2.6 By July 1999, the new Scottish Parliament had assumed its full powers. The Scottish Government endorsed the UK White Paper and agreed it should be implemented in a Scottish context. In response to a Parliamentary Question, Susan Deacon, then Minister for Health and Community Care, explained the approach of the Scottish Government to "Smoking Kills":
"The Scottish Executive will judge the impact of Smoking Kills in part by measuring Scotland's performance against the smoking targets set out in Annex A of the Public Health White Paper, Towards a Healthier Scotland, which was published in February 1999 (available in the Parliament's Reference Centre). The Executive will also be monitoring progress in a number of other areas to check how the measures are working. Health boards are expected to monitor and evaluate the success of their smoking cessation initiatives. An independent survey on smoking in public places is planned to monitor the impact of the Scottish Voluntary Charter on Smoking in Public Places.6"
2.7 The Scottish Government set up the Scottish Tobacco Control Strategy Group to guide the process.
The Smoking, Health and Social Care (Scotland) Act 2005
2.8 The Scottish Parliament's Health Committee was first asked to consider legislation to restrict smoking in public places in August 1999. One newspaper report on this reflects the context of the time. The Scotsman's report was headed "A controversial move to ban smoking in public places in Scotland is to be considered by MSPs, it emerged last night" (The Scotsman, 1999) 7.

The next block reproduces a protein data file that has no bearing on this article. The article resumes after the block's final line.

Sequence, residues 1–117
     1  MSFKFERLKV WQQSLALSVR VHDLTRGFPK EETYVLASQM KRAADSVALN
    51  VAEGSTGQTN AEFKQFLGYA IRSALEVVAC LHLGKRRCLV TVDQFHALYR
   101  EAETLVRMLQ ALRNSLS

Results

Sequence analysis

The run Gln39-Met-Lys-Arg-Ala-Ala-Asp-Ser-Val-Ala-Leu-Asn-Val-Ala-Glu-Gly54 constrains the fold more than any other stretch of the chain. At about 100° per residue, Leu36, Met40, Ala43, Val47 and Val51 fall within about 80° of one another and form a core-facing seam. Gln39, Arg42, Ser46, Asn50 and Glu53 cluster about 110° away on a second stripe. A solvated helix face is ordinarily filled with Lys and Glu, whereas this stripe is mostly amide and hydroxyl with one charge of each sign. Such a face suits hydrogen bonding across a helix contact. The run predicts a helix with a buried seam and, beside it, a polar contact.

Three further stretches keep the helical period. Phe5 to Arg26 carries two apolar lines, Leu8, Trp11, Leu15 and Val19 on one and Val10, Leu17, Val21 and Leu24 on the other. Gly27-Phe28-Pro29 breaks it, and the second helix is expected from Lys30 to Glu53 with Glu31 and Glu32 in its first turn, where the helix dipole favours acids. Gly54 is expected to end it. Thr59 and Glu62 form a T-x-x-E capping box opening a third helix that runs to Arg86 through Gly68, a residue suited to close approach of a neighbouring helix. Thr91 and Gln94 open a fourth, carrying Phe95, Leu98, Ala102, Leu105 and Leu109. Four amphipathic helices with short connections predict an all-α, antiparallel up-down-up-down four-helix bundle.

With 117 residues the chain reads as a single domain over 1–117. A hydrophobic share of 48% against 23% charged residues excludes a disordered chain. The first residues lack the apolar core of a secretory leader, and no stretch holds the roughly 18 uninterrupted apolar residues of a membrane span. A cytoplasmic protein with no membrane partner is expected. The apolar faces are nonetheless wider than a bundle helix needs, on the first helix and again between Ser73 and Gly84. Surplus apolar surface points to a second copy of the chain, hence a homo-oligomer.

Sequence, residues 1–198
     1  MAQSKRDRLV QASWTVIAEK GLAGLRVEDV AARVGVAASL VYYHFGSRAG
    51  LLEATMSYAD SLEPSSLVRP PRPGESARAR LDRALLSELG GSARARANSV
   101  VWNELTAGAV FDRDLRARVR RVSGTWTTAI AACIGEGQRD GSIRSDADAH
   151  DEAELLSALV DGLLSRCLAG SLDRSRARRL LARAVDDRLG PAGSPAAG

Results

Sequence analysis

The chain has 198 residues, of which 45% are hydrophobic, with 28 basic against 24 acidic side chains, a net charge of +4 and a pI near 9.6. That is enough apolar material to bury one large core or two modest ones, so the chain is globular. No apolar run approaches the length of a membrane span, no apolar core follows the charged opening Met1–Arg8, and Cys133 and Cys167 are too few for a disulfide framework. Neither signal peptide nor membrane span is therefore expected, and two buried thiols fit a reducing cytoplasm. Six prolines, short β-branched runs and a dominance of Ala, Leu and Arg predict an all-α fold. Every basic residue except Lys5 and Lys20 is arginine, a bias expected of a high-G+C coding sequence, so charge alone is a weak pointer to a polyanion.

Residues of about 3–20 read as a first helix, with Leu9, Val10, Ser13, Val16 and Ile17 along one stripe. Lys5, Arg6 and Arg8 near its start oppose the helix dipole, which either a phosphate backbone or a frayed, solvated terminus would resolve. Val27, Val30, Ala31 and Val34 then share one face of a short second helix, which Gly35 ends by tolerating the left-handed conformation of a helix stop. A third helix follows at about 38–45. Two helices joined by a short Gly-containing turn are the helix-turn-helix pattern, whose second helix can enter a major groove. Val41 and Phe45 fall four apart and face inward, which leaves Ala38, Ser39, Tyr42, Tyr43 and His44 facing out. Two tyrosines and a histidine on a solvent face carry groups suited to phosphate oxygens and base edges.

2.9 One member of the Committee, Hugh Henry publicly called for a ban. A fellow member of the Health Committee, Mary Scanlon, responded predicting there would be bitter opposition to the idea. She said:
"This is a touch of the nanny state. The government cannot control every moment of your life. They cannot dictate everything you do. It is up to the individual and individual choice. Individuals have to take responsibility for the effect that smoking has on their health and the health of those around them."
2.10 A BBC Scotland survey of the Committee at the time showed 6 members backing the ban, four against and one member undecided 8.
2.11 The Tobacco Industry, the Scottish Licensed Trade Association ( SLTA) and the Freedom Organisation for the Right to Enjoy Smoking Tobacco( FOREST), the smokers' rights group, were active in their opposition to anything bar a voluntary approach to a smoking ban in public places. FOREST claimed there was no real evidence on the risks of passive smoking and was quoted in an article published in the Daily Mail saying it was "the greatest myth of 20 th Century"9; and wrote in a letter published in the Scotsman that "passive smoking is a hoax by the anti-smoking lobby"10.
Key additional influential publications in Scotland
2.12 Various additional publications (apart from those cited above) were influential in the external policy environment. These were: